According to the legislation, the Joint Legislative Sunset Advisory Committee is to be composed of seven members of the House of Representatives appointed by the Speaker of the House and seven members of the Senate appointed by the President of the Senate. The members must serve two-year terms concurrent with their terms as members of the General Assembly. Co-chairpersons must be appointed by the Speaker of the House of Representatives and the President of the Senate. Additionally, the appointees must include a Governor’s floor leader in the House a Governor’s floor leader in the Senate.

Under HB 456, the Joint Legislative Sunset Advisory Committee may review all state agencies, including all boards, departments, advisory committees, authorities, bureaus, offices, and any other state entity of the executive branch of state government, regardless of its designation. In the evaluation process, the committee would first decide on a schedule of agencies to be evaluated.

Any state agency under review would be required to provide the committee with a report outlining its efficiency, productivity, and ability to utilize state resources in the best interest of the public. After receiving these materials, the committee will then complete a review of the agency, during which the committee must consider certain criteria in determining whether a public need exists for the continuation of the state agency or its function. These criteria include the efficiency with which the agency operates; the extent to which the jurisdiction of the agency and the programs administered by the agency overlap or duplicate those of other agencies and the extent to which the programs administered by the agency can be consolidated with the programs of other agencies; and the extent to which the agency accurately reports performance measures used to justify state spending on each of its activities, services, and programs.

The committee may also request additional information and hold hearings to examine the relevance of government priorities and consider ways to help the agency become more efficient.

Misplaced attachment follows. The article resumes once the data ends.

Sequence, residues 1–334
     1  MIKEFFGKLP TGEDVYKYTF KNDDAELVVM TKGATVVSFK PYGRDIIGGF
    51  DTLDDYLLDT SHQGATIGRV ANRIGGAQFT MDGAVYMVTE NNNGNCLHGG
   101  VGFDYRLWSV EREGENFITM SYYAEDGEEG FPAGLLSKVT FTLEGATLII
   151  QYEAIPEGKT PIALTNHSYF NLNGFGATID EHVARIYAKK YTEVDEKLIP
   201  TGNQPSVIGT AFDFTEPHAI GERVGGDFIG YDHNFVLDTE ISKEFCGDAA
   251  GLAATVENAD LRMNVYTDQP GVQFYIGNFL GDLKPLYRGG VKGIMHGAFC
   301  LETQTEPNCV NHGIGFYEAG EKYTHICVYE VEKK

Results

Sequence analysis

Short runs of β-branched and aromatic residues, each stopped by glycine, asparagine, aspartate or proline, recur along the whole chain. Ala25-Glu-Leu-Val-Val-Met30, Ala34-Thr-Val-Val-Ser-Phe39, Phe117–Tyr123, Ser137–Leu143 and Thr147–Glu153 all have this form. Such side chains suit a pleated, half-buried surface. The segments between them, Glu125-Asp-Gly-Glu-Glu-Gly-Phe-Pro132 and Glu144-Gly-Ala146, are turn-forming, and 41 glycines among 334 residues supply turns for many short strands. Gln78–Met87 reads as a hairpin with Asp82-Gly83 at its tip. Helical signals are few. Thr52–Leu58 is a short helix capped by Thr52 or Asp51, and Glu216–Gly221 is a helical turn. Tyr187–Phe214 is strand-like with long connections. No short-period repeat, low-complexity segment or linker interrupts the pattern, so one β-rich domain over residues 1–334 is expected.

As part of its functions, the Joint Legislative Sunset Advisory Committee can only recommend legislative action, which may include privatization, consolidation or elimination of a state program or agency. The committee could not actually abolish a state entity, because abolishment of a state entity can only be issued through a Joint Resolution by the Georgia General Assembly. However, any agency that has not held an open public meeting for a period of more than 12 months would be considered automatically abolished without the need for further agency review. Should this occur, the committee would be responsible for presenting legislation to repeal existing statutory provisions relating to the abolished agency.

After receiving the committee’s recommendation, the General Assembly will then assess whether the laws the agency is responsible for implementing or enforcing have been repealed, revised, or reassigned to another remaining agency.

If approved by the Senate, HB 456 will become effective upon the governor’s signature. For more information on HB 456, please click here.

Representative Sean Jerguson represents the citizens of District 22, which includes portions of Cherokee County. He was elected into the House of Representatives in 2006, and is currently the Vice-Chairman of Regulated Industries Committee and the Secretary of State Institutions & Property Committee. He also serves on the Health & Human Services, Reapportionment, and Small Business Development & Job Creation committees.